Featured,  View from the Water

Breaststroke sometimes really is best

When I travel around the UK, and I think I might have time for a swim, I like to take copies of Kate Rew’s and Daniel Start’s books with me. Both are excellent for discovering interesting swimming spots – some of which are still hard enough to find with the books and would be almost impossible without.

Last week, after about 45 minutes of searching and asking bewildered locals, I found one such spot hidden at the end of a narrow overgrown path and behind a locked but insecure gate. If I had read the description in the book properly I would have been forewarned that the regulars pursued a costumes-optional policy. As it was, I found myself looking fixedly into the eyes of a naked stranger and asking if I could join him for a swim.

Luckily, requests to join people for swims are rarely refused and shortly thereafter, and feeling very over-dressed in my swim shorts, I slipped into a green and slow moving river.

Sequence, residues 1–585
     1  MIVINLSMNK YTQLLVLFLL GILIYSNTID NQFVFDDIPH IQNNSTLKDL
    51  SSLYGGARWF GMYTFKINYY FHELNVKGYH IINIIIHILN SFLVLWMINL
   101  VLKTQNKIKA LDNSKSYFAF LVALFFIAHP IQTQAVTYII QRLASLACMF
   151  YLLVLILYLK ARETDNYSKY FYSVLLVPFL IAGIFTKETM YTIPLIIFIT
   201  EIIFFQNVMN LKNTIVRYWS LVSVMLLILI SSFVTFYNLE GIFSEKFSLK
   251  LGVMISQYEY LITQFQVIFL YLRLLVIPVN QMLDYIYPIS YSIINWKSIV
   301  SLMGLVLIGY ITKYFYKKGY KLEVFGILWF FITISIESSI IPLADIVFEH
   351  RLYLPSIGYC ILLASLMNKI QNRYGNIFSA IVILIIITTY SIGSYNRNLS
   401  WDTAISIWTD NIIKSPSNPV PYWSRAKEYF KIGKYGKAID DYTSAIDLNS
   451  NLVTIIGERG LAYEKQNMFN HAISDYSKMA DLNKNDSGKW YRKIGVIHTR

Usually I am a committed front crawl swimmer. I consider breaststroke to be a form of cruel and unusual torture. It causes pain in my elbows and knees and results in very little forward motion despite large amounts of effort.

However, this particular river was so still and peaceful that is seemed a crime to break the silence with my hurried and noisy front crawl. Besides, there was so much algae in the water you could barely see your hand in front of your face. The surface meanwhile was so still that dust, leaves and bird feathers had settled on it and pond skaters and other insects busied themselves around the banks. Arrogant and slightly dangerous looking swans blocked my route downstream so I breaststroked against the current, trying not to make a sound, so that I could take it all in.

The swim was neither long nor challenging. It barely counted as exercise. Nevertheless, it was memorable and satisfying. I felt refreshed and ready for the congested drive home, and once again I was reminded that open water swimming offers such a wide range of experiences as well as exposure to some curious English eccentricities.
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